The Answer is Often Simple, Even if it Isn't Obvious
As they tried to sort it out, I listened and watched and squirmed until I just couldn’t take it. "You don't know where to put things in your kitchen," I blurted out, "because you don’t have a kitchen." It was true. And they didn’t have a kitchen simply because they didn’t have a wall. I begged them to let me do some sketches.
I went back to my office and drew up the least special, least design-y, least expensive kitchen ever committed to paper. The ‘drawing set’ consisted of four little cartoony hand sketches on trace paper. I spent a total of four hours on it, including the time spent measuring the room with my shoes because we didn’t have a tape measure.
Crappy Little Drawings Are fine - See Below
The drawings were actually a little embarrassing to show, being cartoons. But they worked. One week later, for the price of four linear feet of interior wall and some very nice used cabinets, they have a kitchen. They’re thrilled.
The Road Less Snotty
Architects are taught that success is measured in exquisite-ness Exquisite details, exquisite materials, exquisite taste. But that, as sure as anything, takes 80% of the world of buildings out of our hands. I want to shove my license and my modeling software and my consultants aside and get my hands on all of these houses and warehouses and strip-malls and office buildings that people suffer in, not knowing exactly why things don’t work, why rooms can’t be furnished, why the place seems so small, why spaces aren't enjoyable, why they're uncomfortable, and why they struggle to get things done. There are often simple fixes that can make a place drastically more comfortable, more efficient, and more valuable. How great would it be if that was commonplace?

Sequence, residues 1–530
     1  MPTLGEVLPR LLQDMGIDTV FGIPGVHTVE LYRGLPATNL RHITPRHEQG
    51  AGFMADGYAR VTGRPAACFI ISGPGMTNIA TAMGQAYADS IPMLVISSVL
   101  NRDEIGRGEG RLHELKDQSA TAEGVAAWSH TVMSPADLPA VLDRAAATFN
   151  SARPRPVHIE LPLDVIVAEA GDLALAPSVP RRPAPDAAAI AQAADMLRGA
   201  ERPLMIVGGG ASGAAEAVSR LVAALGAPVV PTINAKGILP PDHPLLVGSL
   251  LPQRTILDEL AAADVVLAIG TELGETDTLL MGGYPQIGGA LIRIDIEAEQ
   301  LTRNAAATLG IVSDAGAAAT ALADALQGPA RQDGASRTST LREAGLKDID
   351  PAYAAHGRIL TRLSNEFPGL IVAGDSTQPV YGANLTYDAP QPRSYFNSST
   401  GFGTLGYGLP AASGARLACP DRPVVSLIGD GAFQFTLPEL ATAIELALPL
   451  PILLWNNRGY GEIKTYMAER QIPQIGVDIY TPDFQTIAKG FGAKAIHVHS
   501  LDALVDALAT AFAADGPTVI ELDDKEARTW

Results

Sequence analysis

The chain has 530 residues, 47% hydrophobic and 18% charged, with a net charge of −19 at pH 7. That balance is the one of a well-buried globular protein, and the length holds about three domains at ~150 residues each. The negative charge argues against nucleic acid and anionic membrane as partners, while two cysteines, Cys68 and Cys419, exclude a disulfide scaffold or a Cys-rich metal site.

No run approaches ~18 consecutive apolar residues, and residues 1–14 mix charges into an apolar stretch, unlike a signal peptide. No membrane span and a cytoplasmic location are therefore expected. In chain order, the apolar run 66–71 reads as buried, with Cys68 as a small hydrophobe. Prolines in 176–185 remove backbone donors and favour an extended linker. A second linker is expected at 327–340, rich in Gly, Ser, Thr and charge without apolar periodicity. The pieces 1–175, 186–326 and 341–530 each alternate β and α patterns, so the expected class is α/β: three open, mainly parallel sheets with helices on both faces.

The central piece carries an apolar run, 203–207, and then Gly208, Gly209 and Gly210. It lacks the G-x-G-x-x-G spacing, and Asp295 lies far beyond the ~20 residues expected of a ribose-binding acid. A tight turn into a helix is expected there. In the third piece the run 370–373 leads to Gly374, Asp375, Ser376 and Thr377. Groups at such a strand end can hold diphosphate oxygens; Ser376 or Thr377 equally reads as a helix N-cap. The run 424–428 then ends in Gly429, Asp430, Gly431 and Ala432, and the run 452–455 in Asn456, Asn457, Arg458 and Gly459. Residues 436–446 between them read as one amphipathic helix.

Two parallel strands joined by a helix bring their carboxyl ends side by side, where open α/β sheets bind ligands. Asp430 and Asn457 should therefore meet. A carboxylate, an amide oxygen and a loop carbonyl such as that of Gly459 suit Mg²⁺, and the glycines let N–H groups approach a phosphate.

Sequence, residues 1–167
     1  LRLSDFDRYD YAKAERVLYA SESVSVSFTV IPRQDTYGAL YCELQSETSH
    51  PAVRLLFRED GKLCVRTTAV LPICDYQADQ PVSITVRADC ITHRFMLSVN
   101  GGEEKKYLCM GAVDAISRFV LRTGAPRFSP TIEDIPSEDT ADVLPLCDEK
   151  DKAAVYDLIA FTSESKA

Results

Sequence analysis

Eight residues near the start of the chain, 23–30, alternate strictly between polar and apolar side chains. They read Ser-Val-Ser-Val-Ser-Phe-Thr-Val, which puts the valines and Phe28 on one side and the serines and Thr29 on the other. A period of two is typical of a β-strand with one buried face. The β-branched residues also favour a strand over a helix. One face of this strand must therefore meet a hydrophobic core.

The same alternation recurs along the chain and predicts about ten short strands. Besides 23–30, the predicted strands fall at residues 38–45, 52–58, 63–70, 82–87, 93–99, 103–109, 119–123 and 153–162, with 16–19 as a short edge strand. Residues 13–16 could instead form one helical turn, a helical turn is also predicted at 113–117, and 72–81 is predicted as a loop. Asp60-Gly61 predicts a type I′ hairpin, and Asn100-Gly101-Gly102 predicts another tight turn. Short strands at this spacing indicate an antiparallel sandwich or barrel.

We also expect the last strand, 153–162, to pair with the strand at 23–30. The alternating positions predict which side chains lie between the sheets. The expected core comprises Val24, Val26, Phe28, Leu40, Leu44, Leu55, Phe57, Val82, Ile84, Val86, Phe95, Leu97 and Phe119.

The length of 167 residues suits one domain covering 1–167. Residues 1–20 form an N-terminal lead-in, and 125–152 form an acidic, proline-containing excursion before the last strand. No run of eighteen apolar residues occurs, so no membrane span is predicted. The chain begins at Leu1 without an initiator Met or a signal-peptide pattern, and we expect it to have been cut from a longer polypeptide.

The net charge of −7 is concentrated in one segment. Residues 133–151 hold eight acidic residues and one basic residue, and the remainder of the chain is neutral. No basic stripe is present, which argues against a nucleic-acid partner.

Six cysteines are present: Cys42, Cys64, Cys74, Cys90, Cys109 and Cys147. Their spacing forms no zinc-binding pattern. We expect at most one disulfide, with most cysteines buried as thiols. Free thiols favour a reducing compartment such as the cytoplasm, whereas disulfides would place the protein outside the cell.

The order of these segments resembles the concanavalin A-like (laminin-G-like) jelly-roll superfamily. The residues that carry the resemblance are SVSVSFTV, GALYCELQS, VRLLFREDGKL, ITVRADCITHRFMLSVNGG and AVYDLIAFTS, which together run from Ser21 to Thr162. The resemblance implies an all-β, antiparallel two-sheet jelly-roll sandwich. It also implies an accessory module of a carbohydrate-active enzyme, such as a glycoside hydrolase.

It has been very interesting to spend more time now in Architecture after spending so much of the last few years in film. I guess it's not surprising that I now see buildings, more than ever, as containers for narrative, and see a critical role of design as support for that narrative. It's most obvious in forms that have developed over centuries, like churches. But once you see it, every building is a story. A house, for instance, contains the story of intimacy.
NOT QUITE A STRANGER
Your front fence is a city wall. Standing between the vast world of everyone and the little piece of it that's just yours, your fence is the first of the concentric layers between the public and private. At the gate, the paving changes from the thirty-six inch wide grey concrete public sidewalk to something a little special, like pavers or brick, to let everyone know they've left anonymity and entered somewhere distinct. A little garden helps make the distinction between out there and in here, between wildness and domestication. It's still vegetation, but it's vegetation of your choosing, cultivated and arranged to display your personal taste. You might even plant a flag here in a very literal way, your name on a little banner, staking your claim. And here your address is displayed, too, calling out the legal description of your small, rectangular portion of the world. Though visible to all, it's to be entered only by those who have business here. A kid that hits a ball over the fence or the guy that reads the gas meter are welcome, but only briefly and no further. Only those you know better can come further inside.
THE PLACE OF NO NAMES